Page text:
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Langston Hughes was a literary giant in American poetry. Writing during the period called the Harlem Renaissance, Hughes focused most of his poetry toward the Black American in the mid twentieth century. However, Hughes' poems speak to anyone who has goals and dreams.
This first poem "Dreams" can be divided by anaphora, or repeated lines.
Hold fast to dreams
For if dreams die...
Hold fast to dreams
For when dreams go...
Hughes advises everyone, particularly the Negro, to never let go of their dreams. Using two beautiful metaphors, he suggests that if someone gives up on his hopes for the future, his life would be no better than a bird with a broken wing who cannot soar.
The other metaphor compares the loss of hope and dreams to a pasture once beautiful, but now frozen and barren. In essence, Hughes tells his audience to dream and work toward achieving those goals.
The second poem "Harlem" [A Dream Deferred] has a different theme. Beginning with a rhetorical question, the poet asks what happens when a person has to postpone or put off his dreams?What happens to a dream deferred? The answer to the question comes in figurative, yet more earthy language. Using similes, the language describing the lost dreams becomes more disturbing:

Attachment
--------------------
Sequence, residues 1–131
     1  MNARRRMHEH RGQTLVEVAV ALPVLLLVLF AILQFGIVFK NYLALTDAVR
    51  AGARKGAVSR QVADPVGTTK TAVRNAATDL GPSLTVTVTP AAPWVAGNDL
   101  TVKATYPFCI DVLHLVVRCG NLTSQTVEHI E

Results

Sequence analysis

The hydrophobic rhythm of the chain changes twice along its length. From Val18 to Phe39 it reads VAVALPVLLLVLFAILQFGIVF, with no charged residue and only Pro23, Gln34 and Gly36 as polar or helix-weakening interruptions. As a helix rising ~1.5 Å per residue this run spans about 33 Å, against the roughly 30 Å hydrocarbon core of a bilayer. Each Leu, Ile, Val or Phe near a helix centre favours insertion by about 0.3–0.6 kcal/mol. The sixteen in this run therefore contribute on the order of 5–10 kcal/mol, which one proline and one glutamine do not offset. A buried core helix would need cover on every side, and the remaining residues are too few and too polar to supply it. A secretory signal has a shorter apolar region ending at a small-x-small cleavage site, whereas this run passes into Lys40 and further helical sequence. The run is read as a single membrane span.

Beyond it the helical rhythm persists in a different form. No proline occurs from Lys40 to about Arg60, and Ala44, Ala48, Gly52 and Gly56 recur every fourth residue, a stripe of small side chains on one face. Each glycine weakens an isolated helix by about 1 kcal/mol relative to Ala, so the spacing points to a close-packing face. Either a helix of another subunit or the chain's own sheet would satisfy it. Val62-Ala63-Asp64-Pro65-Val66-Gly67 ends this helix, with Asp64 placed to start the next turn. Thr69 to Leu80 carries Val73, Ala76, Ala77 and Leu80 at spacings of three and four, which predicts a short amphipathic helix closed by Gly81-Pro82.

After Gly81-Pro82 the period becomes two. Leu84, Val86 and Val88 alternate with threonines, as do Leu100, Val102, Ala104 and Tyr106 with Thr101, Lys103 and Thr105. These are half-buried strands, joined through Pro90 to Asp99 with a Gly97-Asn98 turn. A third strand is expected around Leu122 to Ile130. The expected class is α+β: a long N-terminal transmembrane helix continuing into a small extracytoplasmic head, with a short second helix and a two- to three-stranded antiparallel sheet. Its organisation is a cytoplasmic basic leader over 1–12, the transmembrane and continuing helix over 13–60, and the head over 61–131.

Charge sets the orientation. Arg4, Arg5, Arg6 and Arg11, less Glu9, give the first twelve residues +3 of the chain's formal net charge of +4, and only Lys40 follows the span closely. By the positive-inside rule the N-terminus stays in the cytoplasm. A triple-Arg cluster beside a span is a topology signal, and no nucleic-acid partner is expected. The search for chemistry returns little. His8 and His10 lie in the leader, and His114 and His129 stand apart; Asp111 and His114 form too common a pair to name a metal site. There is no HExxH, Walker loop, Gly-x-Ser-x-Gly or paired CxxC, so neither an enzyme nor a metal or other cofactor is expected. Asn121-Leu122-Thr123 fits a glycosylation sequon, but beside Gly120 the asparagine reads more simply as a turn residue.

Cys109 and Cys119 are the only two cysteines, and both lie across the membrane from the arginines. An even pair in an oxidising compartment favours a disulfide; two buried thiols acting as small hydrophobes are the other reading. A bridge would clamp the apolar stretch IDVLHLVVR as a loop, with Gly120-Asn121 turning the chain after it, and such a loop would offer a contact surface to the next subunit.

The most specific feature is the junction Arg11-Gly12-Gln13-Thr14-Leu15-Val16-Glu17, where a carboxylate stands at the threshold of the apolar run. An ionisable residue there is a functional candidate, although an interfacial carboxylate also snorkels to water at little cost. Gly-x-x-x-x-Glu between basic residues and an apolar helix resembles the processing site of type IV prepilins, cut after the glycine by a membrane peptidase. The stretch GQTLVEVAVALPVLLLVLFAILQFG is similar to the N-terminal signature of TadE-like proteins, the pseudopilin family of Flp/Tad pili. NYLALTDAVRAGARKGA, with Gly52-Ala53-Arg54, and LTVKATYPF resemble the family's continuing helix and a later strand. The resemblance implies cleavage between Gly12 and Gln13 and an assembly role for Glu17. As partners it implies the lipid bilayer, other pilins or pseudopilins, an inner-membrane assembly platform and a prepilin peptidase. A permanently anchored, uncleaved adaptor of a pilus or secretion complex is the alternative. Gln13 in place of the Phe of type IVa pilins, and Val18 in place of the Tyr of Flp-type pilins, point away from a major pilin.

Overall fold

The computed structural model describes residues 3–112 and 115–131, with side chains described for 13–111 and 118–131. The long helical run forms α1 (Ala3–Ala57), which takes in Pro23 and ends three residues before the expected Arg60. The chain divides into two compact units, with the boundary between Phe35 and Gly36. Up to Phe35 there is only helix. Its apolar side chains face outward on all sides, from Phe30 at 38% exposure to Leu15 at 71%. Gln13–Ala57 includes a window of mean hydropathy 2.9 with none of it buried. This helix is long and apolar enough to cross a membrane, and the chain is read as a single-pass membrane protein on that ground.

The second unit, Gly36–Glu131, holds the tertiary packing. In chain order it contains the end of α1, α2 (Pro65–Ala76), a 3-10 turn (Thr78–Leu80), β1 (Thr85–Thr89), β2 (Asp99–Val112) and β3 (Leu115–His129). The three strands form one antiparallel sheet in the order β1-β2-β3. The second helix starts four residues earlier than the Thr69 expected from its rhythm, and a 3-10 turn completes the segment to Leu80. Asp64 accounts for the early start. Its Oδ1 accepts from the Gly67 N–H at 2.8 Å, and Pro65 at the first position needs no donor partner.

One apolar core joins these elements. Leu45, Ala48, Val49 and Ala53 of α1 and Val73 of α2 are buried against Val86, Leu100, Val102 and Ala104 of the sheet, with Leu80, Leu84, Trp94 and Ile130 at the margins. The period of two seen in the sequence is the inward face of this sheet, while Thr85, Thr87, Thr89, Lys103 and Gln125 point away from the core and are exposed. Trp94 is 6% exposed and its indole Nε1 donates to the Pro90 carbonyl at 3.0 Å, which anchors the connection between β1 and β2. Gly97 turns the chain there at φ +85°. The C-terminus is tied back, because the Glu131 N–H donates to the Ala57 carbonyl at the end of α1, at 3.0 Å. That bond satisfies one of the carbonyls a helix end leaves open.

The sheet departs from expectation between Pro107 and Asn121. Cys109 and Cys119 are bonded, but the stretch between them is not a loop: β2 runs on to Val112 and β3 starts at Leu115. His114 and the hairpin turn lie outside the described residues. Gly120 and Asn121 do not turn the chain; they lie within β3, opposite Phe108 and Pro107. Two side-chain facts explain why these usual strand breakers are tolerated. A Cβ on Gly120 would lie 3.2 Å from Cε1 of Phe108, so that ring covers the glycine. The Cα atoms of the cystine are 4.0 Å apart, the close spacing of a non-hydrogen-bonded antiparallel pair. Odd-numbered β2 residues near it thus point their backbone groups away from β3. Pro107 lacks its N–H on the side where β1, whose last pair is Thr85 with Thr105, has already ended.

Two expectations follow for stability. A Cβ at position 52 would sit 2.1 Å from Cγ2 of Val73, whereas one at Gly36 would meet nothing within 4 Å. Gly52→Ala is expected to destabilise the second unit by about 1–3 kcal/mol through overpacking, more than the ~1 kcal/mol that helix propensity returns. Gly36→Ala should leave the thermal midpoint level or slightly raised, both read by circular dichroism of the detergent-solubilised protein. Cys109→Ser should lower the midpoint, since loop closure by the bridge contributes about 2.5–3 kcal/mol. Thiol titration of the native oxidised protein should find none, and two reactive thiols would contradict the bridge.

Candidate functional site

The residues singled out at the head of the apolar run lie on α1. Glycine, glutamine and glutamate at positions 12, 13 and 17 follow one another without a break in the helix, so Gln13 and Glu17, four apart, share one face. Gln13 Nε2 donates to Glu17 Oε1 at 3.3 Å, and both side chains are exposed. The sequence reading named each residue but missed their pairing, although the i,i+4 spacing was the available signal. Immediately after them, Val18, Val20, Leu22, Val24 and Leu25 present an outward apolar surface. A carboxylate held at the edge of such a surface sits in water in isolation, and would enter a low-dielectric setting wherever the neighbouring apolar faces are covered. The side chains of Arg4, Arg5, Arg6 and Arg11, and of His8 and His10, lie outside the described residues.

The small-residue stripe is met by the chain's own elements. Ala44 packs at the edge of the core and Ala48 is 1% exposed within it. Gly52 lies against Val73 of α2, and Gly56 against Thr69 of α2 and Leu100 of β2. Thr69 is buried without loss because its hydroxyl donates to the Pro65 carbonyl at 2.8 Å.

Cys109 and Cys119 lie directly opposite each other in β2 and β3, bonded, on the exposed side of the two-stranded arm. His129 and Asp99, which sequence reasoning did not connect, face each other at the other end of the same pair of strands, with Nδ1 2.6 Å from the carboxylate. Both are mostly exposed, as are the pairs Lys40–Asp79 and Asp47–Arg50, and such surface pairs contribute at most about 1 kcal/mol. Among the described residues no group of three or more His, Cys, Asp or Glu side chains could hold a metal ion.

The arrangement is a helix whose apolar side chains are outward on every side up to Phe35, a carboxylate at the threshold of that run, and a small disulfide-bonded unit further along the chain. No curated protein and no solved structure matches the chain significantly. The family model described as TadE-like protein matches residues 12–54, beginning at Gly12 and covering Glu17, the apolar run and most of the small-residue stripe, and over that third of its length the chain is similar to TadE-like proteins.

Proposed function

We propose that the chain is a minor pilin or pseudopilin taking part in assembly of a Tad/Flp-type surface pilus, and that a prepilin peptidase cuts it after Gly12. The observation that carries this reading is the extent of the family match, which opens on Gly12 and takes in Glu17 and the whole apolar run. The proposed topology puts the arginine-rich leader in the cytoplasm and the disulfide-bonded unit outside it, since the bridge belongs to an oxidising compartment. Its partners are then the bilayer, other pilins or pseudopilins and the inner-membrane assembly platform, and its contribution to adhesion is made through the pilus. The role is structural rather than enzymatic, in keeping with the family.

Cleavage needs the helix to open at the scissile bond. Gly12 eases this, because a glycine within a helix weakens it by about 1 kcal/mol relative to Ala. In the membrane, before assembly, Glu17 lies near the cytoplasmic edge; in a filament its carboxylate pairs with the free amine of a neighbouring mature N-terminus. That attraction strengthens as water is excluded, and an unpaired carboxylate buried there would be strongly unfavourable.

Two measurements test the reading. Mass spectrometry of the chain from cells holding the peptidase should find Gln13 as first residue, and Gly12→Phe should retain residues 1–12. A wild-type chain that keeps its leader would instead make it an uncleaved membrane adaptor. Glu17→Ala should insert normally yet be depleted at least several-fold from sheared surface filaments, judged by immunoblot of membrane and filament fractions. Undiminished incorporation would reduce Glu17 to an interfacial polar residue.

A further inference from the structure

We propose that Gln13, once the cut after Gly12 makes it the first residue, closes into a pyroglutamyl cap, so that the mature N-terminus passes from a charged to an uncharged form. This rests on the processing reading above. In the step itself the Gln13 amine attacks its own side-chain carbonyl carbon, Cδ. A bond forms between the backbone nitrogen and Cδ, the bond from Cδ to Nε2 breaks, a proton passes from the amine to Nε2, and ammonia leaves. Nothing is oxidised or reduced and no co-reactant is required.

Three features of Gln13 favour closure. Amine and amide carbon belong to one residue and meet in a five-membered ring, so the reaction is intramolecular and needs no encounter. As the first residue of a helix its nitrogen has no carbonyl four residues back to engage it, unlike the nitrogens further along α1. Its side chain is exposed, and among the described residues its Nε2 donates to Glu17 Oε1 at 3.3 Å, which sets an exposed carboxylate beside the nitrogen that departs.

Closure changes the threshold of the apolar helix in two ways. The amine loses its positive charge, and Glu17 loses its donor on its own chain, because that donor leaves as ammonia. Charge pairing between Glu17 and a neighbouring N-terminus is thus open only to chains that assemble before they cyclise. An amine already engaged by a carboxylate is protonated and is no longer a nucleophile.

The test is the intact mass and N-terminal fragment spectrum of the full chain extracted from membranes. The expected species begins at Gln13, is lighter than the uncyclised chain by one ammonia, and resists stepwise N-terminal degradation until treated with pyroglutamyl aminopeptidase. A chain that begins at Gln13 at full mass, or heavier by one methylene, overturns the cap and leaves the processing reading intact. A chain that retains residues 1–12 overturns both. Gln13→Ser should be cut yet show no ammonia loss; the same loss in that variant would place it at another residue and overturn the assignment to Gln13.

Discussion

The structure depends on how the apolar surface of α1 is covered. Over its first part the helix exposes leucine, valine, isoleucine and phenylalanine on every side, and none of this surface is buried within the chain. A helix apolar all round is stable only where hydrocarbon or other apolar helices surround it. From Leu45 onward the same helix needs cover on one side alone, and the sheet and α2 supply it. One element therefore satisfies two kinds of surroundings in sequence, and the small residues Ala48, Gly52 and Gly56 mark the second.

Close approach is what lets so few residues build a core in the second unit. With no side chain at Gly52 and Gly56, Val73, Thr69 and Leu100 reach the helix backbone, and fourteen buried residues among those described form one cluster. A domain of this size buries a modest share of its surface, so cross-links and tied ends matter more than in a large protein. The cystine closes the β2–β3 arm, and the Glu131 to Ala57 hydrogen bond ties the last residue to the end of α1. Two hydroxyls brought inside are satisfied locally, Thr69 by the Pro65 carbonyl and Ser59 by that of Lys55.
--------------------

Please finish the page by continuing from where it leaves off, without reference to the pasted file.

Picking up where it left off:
Is it like a luscious grape that lies in the sun too long?
Does it ooze and become an infected sore?
Does it turn to rancid meat?
Does someone try to sugar coat it and pretend that it is okay?
Or does it weigh down the person like a hefty sack?
Or does it well up and finally blow up?
Hughes was referring to the battles that black America faced. The undercurrent was there festering in every Negro home in America. Equality and integration for all: if we do not get it, we do not know what will happen.
When Hughes was writing his poetry, it was before the start of the Civil Rights Movement. Black America struggled under the weight of segregation: poor housing, separate schools, and low paying jobs.
"Dreams" advises a person never to give up on desires and goals. In contrast, "Harlem" is a warning to white America that this is where the black man stands: waiting too long for his complete freedom.
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